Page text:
- U.S. House OKs bill to address border crisis; Obama condemns it
- In light of redistricting ruling, Senate President urges members not to throw out any relevant docs, files
- Growers and lobbyists not high on second draft of pot rules
- Write-in candidate files emergency motion in HD 64 decision
- Rick Scott campaign pulls in another $397K
- Batman creator’s personal copies to be auctioned
State senators suggest pulling out of federal flood insurance program
If the National Flood Insurance Program does not address rising Florida premiums soon, the state may have no choice but to take over and provide flood insurance, reports the News Service of Florida.
In an effort to protect nearly 270,000 Florida homeowners who face massive rate hikes in flood insurance, state lawmakers are considering changing regulations to allow private insurers to provide coverage.
Sen. David Simmons, chair of the Senate Banking and Insurance Committee, said Tuesday if private insurers won’t help, Florida might need to create a state-run agency. The in-state solution would be a “last resort” for homeowners forced to take unaffordable federal flood insurance.
“I don’t think it’s their fault,” the Altamont Springs Republican told the News Service. “They bought a home under a national flood insurance program that has now changed the rules on them, in the middle of the game.”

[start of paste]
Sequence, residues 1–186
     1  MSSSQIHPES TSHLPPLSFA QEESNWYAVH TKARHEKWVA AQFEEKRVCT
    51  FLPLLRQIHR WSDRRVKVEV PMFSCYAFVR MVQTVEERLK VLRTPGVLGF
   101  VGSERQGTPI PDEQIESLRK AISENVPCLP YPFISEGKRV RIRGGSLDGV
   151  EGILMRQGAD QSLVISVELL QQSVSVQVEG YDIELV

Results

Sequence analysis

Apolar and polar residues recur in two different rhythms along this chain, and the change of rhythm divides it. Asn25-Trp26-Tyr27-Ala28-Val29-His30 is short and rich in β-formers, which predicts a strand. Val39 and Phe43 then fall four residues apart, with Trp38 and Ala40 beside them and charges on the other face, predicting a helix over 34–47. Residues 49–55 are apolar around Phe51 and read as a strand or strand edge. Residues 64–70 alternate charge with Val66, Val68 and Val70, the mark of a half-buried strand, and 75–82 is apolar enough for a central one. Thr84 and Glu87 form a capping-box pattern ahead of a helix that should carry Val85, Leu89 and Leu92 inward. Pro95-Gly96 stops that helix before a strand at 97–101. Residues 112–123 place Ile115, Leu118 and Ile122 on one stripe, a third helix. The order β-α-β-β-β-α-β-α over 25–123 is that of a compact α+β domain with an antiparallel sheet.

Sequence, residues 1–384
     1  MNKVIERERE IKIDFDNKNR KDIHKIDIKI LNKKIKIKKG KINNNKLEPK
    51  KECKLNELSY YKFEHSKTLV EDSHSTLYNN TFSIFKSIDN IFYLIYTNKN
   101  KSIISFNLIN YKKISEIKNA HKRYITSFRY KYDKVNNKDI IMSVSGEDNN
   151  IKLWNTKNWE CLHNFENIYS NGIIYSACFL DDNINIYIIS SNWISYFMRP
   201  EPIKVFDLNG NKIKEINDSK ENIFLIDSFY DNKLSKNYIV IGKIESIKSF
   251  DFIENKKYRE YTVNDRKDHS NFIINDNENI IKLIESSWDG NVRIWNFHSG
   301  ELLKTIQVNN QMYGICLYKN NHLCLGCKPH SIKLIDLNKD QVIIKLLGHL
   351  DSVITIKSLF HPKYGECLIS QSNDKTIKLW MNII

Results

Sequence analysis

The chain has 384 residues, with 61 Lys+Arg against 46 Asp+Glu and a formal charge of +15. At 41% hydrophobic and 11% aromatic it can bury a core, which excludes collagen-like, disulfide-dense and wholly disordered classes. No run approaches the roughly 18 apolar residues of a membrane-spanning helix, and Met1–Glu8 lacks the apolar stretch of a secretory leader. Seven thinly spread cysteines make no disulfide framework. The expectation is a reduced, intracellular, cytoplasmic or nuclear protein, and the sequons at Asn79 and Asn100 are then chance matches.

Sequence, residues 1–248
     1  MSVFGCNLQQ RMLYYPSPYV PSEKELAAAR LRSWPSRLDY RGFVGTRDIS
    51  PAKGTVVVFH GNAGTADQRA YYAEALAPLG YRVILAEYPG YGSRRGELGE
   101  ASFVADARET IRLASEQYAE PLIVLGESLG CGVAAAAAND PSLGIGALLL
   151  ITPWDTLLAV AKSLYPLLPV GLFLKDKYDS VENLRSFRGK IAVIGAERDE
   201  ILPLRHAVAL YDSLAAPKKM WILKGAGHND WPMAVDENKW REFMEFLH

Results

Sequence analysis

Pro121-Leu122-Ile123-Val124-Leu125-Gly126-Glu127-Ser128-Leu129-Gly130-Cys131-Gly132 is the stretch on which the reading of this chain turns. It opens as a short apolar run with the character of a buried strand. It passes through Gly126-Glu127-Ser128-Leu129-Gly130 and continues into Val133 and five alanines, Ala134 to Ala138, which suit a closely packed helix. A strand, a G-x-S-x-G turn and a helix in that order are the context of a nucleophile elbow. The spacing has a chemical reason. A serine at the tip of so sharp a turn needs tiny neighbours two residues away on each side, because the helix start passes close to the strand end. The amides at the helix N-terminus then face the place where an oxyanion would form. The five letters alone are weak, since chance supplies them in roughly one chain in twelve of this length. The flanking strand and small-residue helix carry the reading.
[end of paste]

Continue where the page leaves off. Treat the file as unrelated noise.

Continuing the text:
This week, lawmakers voiced concerns about the end of federal flood-insurance subsidies; an action that many Realtors claim will devastate Florida’s real-estate market and economy. Leaders throughout the state called on Congress to postpone enactment of the Biggert-Waters Flood Insurance Reform Act, a 2012 law that eliminates subsidies for older properties beginning October 1.
Biggert-Waters also requires the Federal Emergency Management Agency to improve the performance of the National Flood Insurance Program, as a way to make the program financially stable. In addition, the law instructs FEMA to redraw flood zones based on “true flood risk,” resulting in skyrocketing rates for thousands of Florida residents, who account for more than one-third of all federal flood insurance policies written.
Simmons hopes the threat of the state’s withdrawal from the program will force the federal government to take action.
“We can provide leverage to get a solution to this,” Simmons said to reporters, “and if we don’t provide the leverage we’ll have a solution of our own.”
“But I don’t think our remedy is to leave these homeowners without some help.”